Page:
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BT7 Panhard Rod

Healey Nut

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So one end of the Panhard rod connects to the driver's side rear axle. Where does the other end go?

Pics anyone, pls?
 

John Turney

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There should be a bracket on the right side frame rail with a hole. It is on top and at the outside edge of the rail.
 
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Healey Nut

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There should be a bracket on the right side frame rail with a hole. It is on top and at the outside edge of the rail.
Ah ha , mystery solved I have a Jule superstructure so no bracket on the frame rail so no panhard rod for me .
Anyone need a panhard rod and axle bracket with all new bushings etc ?
Its years since I got this superstructure from Marty at Jule and I vaguely remember him saying something about not needing the panhard rod due to his frame design and spring setup .
Anyone else out there with a BT7 and Jule frame etc care to chime in ?
 

DerekJ

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Martys frames are based on a BJ8, or they were when I had one. BJ8s don’t have a panhard rod, instead they have two radius arms to locate the axle. Are you planning on installing these?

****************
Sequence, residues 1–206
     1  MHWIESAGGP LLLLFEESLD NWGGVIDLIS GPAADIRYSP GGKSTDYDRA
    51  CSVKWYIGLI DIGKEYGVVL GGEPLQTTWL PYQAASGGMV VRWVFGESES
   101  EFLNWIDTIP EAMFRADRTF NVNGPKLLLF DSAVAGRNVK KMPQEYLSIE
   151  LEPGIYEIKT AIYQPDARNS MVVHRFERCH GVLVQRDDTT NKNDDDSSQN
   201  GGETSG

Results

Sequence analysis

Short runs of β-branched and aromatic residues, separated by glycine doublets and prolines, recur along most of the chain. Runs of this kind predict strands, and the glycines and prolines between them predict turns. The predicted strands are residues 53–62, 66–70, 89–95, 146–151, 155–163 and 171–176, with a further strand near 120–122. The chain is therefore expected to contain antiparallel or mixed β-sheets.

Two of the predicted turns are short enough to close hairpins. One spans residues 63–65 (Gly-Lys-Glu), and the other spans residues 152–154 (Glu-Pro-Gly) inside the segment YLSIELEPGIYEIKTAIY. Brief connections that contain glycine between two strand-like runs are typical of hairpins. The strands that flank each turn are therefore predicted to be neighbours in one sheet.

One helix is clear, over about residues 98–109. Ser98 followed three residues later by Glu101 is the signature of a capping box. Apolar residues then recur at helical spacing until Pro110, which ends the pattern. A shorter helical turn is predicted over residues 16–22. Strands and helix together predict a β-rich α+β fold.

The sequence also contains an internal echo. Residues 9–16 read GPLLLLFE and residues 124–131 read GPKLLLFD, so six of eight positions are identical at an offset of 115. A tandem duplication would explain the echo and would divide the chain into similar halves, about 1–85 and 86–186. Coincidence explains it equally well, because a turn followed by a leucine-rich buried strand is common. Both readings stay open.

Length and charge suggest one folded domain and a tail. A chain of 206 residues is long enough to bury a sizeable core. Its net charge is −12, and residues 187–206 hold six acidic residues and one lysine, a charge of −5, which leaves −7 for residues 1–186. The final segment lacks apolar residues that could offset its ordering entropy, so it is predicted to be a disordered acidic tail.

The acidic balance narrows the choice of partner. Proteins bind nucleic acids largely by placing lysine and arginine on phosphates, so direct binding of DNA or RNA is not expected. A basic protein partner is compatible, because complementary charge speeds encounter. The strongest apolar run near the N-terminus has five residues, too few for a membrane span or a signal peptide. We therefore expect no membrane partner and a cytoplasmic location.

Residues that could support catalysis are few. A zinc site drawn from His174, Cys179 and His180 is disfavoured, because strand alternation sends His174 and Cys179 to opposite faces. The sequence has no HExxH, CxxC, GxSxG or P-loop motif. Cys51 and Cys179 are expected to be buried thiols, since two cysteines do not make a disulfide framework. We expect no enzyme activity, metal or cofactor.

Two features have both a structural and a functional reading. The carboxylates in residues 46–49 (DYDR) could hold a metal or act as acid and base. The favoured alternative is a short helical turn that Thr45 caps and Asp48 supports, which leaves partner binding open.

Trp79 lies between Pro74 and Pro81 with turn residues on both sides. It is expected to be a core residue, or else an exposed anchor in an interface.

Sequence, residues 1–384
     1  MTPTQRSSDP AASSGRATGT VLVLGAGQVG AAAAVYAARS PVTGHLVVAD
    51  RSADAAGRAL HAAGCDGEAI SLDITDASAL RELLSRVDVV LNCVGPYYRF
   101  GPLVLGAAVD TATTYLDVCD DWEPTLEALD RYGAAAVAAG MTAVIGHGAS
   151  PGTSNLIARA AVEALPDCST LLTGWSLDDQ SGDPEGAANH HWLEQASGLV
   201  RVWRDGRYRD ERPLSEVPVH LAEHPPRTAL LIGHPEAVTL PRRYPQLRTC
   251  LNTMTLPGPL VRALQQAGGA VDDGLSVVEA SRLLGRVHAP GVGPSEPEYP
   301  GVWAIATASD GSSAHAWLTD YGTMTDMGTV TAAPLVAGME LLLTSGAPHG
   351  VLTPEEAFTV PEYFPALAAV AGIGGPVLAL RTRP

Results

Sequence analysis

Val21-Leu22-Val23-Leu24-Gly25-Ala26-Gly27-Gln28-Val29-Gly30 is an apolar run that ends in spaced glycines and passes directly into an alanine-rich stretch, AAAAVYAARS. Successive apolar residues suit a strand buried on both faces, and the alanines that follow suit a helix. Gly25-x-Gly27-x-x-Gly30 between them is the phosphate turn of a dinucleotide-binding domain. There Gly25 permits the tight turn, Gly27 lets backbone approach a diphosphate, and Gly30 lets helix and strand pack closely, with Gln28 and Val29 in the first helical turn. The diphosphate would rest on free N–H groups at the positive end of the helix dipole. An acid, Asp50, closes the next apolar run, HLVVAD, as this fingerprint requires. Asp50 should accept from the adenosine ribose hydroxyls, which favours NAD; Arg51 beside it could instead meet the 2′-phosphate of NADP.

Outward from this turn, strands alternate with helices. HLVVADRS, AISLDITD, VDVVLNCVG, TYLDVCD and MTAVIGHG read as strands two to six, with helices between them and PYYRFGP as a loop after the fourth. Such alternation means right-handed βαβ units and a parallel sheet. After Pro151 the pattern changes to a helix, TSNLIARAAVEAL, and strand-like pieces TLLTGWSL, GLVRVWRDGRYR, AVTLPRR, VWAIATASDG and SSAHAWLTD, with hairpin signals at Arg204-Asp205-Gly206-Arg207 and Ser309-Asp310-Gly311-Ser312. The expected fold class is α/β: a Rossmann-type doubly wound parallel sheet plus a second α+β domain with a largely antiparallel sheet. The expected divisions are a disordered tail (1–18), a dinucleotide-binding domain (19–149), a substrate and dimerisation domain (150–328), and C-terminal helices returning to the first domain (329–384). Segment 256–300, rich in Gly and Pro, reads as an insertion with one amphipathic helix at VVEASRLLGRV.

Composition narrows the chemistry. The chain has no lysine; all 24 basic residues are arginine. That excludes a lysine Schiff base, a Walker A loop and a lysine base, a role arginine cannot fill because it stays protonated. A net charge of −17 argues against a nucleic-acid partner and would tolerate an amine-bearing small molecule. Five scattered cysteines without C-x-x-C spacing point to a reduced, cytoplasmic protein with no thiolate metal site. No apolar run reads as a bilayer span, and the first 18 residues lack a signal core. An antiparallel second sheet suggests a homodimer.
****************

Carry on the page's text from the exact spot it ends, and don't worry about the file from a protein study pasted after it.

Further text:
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Healey Nut

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The panhard rod bracket for the chassis rail is available. So I could if I wanted buy the bracket and weld a plate between the base edges then drill tap the chassis rail and bolt it to the chassis rail to create the end connection for the panhard rod .
but it does seem though as if it’s not required with the Jule frame set up .
 

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steveg

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There's a thread here several years ago where Martin discussed the toe-in (IIRC) of the late BJ8 rear springs (and those of his Jule frame) and why in his opinion they made the Panhard rod unnecessary.
 

John Turney

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The panhard rod bracket for the chassis rail is available. So I could if I wanted buy the bracket and weld a plate between the base edges then drill tap the chassis rail and bolt it to the chassis rail to create the end connection for the panhard rod .
but it does seem though as if it’s not required with the Jule frame set up .
The bracket should probably be welded, rather than bolted. In 2019, when repairing my rear axle, I found my Panhard rod was bent (I already replaced it) from excessive side loads.
 

vette

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I believe I remember Marty saying that it was because of the extra strength of the leaf springs he uses that the panhard rod is not necessary. Most American cars did not use them but then most American cars were not called to hang turns like a sports car. I personally believe in a panhard rod as an easy and inexpensive way to laterally locate the rear axle. And for a sporting car I believe the rear axle should be located by more than just the springs.
 

BoyRacer

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I agree. Add the panhard rod. The leaf springs alone are not sufficient to keep the rear end properly located during hard cornering.
 

Bob Hughes